Music: music is the soundtrack for life, and for yoga! It can really help in making your class even more awesome. Make sure that the ratio between the volume of the music and your voice is just right. If the class is going to be public on social media or YouTube, make sure to use non-copyrighted music or your video will be rejected when you upload it.
Your appearance: be mindful of your hair, clothing, anything that can cause a wardrobe-malfunction; use some powder if you find that your face is too shiny.
The environment: make sure the space you are filming is not cluttered and that the background is nice and pleasant.
Lighting: not too dark or too bright. You can buy special lights and have your environment be more controlled. Otherwise natural light (from the sun) always looks best.
Distance: if you are too far away it is hard for people to see the details of the poses and your facial expressions and get excited with you. You also don’t want to be too close so that your arms or legs get cut off in the frame as you stretch. If you show anything, such as a storybook or yoga cards, come closer to the camera. A good idea, if you are doing it all on your own and don’t have someone filming you, is to do it in selfie-mode so that you can always see yourself and adapt as you teach.
Testing: always test the sound and the video first; stretch your arms up to make sure that the whole of you is in the frame, make sure that your voice and the music are at the right ratio to each other, make sure that you don’t have anything in the frame that you don’t want people to see (like your dirty laundry for example!).
Adapt, adjust, accommodate
Life is in constant motion and evolution is happening right in front of our eyes.
To try and keep things just like they always were is a big disservice to ourselves and to future generations.
Just like the practice of yoga needs to be adapted to each individual, it also needs to be adapted to the environment where we teach and to the new times we are in.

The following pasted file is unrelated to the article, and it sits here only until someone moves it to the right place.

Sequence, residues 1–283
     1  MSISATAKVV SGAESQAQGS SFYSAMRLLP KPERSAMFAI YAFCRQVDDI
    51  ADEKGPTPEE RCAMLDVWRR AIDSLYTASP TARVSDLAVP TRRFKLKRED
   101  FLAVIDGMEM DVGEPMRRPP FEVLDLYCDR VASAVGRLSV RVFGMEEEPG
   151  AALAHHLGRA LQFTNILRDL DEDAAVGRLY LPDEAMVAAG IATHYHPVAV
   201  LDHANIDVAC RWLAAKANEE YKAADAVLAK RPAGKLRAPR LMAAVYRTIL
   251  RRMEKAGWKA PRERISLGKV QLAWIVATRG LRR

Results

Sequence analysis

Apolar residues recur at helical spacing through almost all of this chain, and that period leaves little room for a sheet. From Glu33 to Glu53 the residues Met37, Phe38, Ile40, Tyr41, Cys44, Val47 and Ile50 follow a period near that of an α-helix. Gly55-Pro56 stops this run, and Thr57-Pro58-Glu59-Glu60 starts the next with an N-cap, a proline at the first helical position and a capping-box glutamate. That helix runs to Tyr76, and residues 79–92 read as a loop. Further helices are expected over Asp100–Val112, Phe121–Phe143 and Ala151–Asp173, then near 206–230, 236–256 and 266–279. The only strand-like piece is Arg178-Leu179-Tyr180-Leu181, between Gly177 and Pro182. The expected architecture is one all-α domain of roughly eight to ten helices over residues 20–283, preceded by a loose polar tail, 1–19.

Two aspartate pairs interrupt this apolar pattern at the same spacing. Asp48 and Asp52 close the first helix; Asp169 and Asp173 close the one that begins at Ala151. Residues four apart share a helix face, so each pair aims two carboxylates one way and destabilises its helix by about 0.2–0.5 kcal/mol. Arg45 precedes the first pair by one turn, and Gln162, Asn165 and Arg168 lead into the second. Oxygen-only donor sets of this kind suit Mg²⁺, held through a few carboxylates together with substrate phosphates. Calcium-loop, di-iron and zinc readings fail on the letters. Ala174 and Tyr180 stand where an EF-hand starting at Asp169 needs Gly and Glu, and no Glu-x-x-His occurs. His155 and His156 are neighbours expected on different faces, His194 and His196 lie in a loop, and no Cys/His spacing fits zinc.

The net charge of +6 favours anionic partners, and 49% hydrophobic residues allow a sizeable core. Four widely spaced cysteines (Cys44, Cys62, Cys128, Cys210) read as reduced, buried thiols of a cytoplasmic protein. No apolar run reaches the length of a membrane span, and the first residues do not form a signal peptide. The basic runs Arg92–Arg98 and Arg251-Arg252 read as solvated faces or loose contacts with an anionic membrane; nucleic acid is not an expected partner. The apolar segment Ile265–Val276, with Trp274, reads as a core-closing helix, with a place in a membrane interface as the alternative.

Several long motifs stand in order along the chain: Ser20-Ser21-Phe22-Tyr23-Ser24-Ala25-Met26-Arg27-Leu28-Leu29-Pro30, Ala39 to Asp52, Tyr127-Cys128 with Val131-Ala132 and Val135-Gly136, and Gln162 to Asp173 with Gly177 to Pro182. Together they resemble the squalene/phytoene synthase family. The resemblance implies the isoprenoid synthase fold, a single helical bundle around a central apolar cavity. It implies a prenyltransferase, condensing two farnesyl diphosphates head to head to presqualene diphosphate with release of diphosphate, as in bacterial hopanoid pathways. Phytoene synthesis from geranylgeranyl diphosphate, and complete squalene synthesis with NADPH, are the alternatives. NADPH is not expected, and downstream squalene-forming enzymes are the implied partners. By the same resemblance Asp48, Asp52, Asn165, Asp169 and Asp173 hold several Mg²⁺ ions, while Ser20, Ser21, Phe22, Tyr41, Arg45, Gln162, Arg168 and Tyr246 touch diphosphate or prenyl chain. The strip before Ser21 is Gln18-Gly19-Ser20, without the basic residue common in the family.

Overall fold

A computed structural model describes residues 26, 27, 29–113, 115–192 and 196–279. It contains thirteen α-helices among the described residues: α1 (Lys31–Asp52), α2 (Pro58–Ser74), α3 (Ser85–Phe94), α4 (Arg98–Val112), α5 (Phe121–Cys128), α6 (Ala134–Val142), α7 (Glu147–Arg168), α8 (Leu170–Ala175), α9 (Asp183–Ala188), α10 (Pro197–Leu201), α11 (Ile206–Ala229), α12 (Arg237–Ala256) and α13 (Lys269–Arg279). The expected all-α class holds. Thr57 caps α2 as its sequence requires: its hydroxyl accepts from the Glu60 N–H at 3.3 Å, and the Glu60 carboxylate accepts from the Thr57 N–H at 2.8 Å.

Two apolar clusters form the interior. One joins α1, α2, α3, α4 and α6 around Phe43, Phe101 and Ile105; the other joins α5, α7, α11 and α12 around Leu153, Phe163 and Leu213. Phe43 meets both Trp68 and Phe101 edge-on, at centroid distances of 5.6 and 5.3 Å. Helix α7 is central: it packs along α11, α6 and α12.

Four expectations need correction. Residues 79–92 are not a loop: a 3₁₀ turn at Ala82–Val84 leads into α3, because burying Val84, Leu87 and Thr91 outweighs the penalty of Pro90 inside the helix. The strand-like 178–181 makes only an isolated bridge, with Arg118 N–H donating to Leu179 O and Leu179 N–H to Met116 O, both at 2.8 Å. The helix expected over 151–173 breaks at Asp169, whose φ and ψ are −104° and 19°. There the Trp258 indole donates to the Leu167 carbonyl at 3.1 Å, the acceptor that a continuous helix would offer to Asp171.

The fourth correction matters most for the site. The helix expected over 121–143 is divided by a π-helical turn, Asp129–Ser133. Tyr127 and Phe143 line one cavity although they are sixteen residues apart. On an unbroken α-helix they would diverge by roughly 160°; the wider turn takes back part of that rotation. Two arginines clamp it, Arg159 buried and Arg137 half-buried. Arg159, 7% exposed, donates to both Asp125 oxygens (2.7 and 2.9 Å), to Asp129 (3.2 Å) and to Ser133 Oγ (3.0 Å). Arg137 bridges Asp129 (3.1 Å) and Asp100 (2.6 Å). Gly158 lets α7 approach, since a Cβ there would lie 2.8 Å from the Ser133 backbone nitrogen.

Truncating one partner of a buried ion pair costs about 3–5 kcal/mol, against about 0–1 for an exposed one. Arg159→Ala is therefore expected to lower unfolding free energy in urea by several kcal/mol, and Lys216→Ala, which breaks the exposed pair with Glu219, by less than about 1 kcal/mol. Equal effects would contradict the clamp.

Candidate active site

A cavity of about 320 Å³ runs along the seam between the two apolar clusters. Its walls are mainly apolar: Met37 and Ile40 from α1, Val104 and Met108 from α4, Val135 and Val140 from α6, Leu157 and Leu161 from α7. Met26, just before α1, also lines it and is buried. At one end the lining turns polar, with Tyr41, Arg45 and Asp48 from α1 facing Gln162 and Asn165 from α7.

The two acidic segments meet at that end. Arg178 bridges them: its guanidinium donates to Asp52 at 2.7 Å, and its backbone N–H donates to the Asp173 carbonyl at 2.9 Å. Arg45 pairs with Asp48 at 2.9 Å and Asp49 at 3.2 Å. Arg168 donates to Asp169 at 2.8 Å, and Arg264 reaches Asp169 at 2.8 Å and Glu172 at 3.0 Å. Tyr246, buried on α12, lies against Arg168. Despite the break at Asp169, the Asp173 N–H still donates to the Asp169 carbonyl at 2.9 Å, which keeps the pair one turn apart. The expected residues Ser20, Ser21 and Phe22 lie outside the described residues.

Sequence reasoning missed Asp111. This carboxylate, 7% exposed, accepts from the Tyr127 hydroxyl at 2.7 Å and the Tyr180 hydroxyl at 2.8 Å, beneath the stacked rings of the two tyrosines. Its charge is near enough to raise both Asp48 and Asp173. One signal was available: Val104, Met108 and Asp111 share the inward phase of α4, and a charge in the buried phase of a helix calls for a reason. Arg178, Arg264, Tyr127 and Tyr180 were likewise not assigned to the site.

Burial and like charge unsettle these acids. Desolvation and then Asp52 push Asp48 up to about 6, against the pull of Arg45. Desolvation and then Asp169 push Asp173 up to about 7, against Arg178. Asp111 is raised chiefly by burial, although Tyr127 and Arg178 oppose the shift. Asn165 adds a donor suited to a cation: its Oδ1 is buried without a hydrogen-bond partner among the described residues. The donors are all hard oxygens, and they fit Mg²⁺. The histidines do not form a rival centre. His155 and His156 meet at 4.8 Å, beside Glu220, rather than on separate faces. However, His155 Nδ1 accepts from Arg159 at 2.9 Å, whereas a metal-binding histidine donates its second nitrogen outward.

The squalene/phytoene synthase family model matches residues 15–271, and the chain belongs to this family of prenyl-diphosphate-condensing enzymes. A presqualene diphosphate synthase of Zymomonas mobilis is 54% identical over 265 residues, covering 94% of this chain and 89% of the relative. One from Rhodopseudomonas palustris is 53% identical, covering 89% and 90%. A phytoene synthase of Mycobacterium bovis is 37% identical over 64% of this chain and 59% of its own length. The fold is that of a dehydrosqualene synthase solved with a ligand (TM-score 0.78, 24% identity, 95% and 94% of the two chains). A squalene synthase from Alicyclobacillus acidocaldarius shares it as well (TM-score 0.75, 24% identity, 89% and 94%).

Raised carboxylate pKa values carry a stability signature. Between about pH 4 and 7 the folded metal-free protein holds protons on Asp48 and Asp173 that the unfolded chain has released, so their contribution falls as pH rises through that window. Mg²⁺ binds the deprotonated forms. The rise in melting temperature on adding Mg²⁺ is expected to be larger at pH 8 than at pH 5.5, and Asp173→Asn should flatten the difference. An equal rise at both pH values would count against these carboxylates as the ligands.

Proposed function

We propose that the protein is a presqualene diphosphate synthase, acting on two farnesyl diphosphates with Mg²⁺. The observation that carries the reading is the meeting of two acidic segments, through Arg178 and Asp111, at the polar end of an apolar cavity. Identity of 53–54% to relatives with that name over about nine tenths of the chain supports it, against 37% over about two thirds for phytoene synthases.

When news of Covid-19 first started coming in and people became more apprehensive about touch, I started to adjust my classes to include less touch, and then to no touch, in addition to all other precautions such as keeping yoga mats extra clean and making sure everyone sanitises their hands at the beginning of class and on returning from the toilet etc.
As restrictions are lifted, we will again need to introduce supportive touch, partner and group work, massage and adjustments in the poses gradually to gain students' trust.
What is happening to us as humans during isolation is only going to make the need for the connections we work to enhance in yoga more needed than ever!
Your students and the world at large will need you and other yogi warriors to go out there and spread the love, bringing people together again with some of the elements that make us human.
We are social animals, and we crave and need connections with other people just like we need food and water. And I believe that this will be more apparent than ever when this crisis is over.
Returning to in-person classes
So if you teach in-person classes during these trying times:
Keep the groups small allowing for enough distance between the students.
Have a hand sanitiser and make sure that everyone uses it whenever entering the classroom.
Sanitise your yoga mats and any equipment used after each practice.
Avoid partner and group poses, massage or any practice that involves touch.
Discourage participation of anyone who is not well.
Keep your immune system strong by sleeping well, eating healthy food, exercising, keeping your stress levels down…and of course, doing yoga!